parametric form is given as





x(θ) =acosθ(1cosθ), y(θ) =asinθ(1cosθ), for θ [0,2π]. Here we have chosen a= 0.25.

We select the data in (4.1.1)-(4.1.3) such that the exact solution u is given by u(x, y, t) =



t2exp(−t) (

(x2+y2+ax)2−a2(x2+y2) )

in Ω1, sin(tπ/4) sin(πx) sin(2πy)

(

(x2+y2+ax)2−a2(x2+y2) )

in Ω2, along with the diﬀusion coeﬃcient

β=





101 in Ω1, 104 in Ω2.

We have achieved optimal rate of convergence in L2 norm at the ﬁnal time t = 1 evaluated on linear WG space for uniform triangular meshes described in Table 4.4.2 (right) with time step τ =h.

Example 4.4.5. We consider following initial boundary value problem













γutt− ∇ ·(β∇u) = f in Ω×J, u(x,0) = u(0), ut(x,0) =v(0) in Ω, u(x, t) = 0 on ×J,

where Ω = (1,1)×(1,1) with interface Γ as a circle centered at (0,0) with radius 0.5, as shown in Figure 4.2 (top right). We set the exact solution u as

u(x, y, t) =



(r20−r2) sintexp(−t) if r≤r0, (r20−r2)t2sin(πx) sin(πy) if r > r0,

where r2 = x2 +y2 and r0 = 0.5. Then, we select the interface functions and the data appearing in the above problem from the choice of u with the following physical coeﬃcients

(γ, β) = (K1, ρ1) =





(1,1500)

if r≤r0, (10,3000)

if r > r0.

Here, K represents the bulk modulus and ρ the density. In this numerical example, physical coeﬃcients (γ, β) are borrowed from Xu et al. [150, 151]. A large variation in the coeﬃcients is a common occurrence in study of acoustic wave propagation through heterogeneous media in geophysical prospecting [18, 79]. Errors in L2 norm and the convergence rate at time t = 1 for diﬀerent values of h are listed in Table 4.4.3 (left).

The time step is consciously taken as τ = h. It is clear from the Table 4.4.3 (left) that we have achieved optimal order of convergence in L2 norm which consolidates our theoretical ﬁndings. Figure 4.2 (top left) clearly demonstrates the second order of convergence in L2 norm.

10-2 10-1 100

h 10-5

10-4 10-3 10-2 10-1 100

Error

L2 error O(h2)

-1 -0.5 0 0.5 1

-1 -0.8 -0.6 -0.4 -0.2 0 0.2 0.4 0.6 0.8 1

2

1

0 0.1 0.2 0.3 0.4 0.5 0.6 0.7 0.8 0.9 1

0 0.1 0.2 0.3 0.4 0.5 0.6 0.7 0.8 0.9 1

Figure 4.2: Log-log plot of the L2 error versus the mesh size at time t = 1 (top left) along with the triangulation of Ω (top right) in Example 4.4.5, and polygonal mesh with h= 1/4 (bottom) in Example 4.4.6.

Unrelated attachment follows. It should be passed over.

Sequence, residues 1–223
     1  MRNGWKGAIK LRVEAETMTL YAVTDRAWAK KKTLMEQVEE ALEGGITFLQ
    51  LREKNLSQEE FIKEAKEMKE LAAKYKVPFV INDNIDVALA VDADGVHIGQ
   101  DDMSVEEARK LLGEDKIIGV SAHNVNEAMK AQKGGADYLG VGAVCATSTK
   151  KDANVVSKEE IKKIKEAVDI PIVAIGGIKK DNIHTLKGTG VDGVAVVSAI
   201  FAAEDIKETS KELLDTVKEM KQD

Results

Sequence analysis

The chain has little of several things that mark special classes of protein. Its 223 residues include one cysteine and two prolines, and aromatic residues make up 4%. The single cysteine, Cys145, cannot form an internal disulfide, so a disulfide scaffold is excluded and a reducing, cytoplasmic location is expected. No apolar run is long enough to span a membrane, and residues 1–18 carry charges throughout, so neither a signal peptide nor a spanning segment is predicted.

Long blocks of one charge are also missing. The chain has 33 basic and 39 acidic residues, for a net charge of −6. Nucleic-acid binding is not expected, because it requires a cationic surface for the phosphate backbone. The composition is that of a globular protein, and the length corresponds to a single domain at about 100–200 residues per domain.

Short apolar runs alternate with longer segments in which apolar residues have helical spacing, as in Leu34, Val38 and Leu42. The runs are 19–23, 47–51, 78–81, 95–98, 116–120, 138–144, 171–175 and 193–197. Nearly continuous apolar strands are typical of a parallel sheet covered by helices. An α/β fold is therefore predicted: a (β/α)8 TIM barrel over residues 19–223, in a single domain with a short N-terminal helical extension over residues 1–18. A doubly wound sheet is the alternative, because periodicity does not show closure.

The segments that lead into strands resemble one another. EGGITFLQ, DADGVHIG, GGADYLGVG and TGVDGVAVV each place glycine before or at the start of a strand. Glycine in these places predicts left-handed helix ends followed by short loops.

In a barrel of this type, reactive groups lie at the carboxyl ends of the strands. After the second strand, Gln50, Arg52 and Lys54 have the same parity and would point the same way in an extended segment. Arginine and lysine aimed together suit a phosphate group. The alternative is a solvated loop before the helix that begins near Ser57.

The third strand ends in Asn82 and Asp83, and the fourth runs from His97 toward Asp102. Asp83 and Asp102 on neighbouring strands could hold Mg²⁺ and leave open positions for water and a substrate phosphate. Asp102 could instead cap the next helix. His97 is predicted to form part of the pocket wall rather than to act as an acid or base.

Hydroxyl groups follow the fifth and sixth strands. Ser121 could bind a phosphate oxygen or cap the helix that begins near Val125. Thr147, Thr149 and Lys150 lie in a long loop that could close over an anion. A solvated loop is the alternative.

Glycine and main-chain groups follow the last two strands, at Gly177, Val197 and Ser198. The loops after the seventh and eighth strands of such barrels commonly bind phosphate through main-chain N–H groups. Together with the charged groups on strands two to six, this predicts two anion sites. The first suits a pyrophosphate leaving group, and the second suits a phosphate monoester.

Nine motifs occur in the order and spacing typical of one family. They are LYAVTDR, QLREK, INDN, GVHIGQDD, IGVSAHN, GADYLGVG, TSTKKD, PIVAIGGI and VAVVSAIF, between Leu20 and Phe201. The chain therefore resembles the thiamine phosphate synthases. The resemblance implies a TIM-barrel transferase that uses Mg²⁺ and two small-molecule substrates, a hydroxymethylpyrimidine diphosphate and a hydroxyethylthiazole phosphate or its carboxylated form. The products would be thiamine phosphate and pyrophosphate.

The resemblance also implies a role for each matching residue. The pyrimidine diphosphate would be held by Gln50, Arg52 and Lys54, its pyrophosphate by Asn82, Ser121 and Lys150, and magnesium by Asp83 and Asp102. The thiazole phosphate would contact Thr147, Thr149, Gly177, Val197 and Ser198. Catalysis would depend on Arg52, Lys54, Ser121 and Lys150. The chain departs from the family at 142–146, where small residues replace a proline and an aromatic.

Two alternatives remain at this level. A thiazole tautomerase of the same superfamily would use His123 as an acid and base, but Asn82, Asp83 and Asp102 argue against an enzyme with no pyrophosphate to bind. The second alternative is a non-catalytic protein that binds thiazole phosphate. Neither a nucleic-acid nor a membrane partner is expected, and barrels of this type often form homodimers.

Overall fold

Example 4.4.6. In our last numerical example, we have considered a polygonal mesh with a line interface given by y = 1/2 in the computational domain Ω = (0,1)×(0,1).

A typical polygonal mesh is depicted in Figure 4.2 (bottom), where given domain Ω consists of two sub-domains Ω1 and Ω2 with line interface Γ. Necessary data appearing in equations (4.1.1)-(4.1.3) are selected from the following exact solution

u(x, y, t) =



t2sin (2πt)(x21/4)(y21/4) ify 1/2, exp(−t) cos(t2) sin(πx) sin(2πy) if y >1/2,

Table 4.4.3: The history of L2 error convergence with time step τ =h

Example 4.4.5 Example 4.4.6

h ∥eh EOC ∥eh EOC

1/2 2.208641e-02 - 3.863172e-01 -

1/4 1.269432e-02 0.79 1.711643e-01 1.17

1/8 3.087225e-03 2.03 3.87092e-02 2.14

1/16 7.871982e-04 1.97 9.331984e-03 2.05

1/32 1.804471e-04 2.12 2.257593e-03 2.04

1/64 4.803721e-05 1.90 5.270162e-04 2.09

and the diﬀusion coeﬃcient

β=





1 if y≤1/2, 102 otherwise.

We have evaluated the rate of convergence inL2 norm at the ﬁnal time t = 1 for linear WG space (P1(K), P0(∂K), [

P0(K)]2

), which is reported in Table 4.4.3 (right) for τ =h.

## 5

### WG-FEMs for Electric Interface Problem withNon-homogeneous Jump Conditions

In this chapter, we study a priori error estimates for the spatially semidiscrete scheme for the electric interface problem (1.1.7)-(1.1.9). Optimal order of convergence for L(L2) and L(H1) norms are established when the global regularity of the solution is low on the entire domain. We have also established some a priori estimates for the semidiscrete solution which are very crucial to prove optimal convergence rate of the fully discrete solution. The fully discrete scheme is based on ﬁrst order in time backward Euler discretization.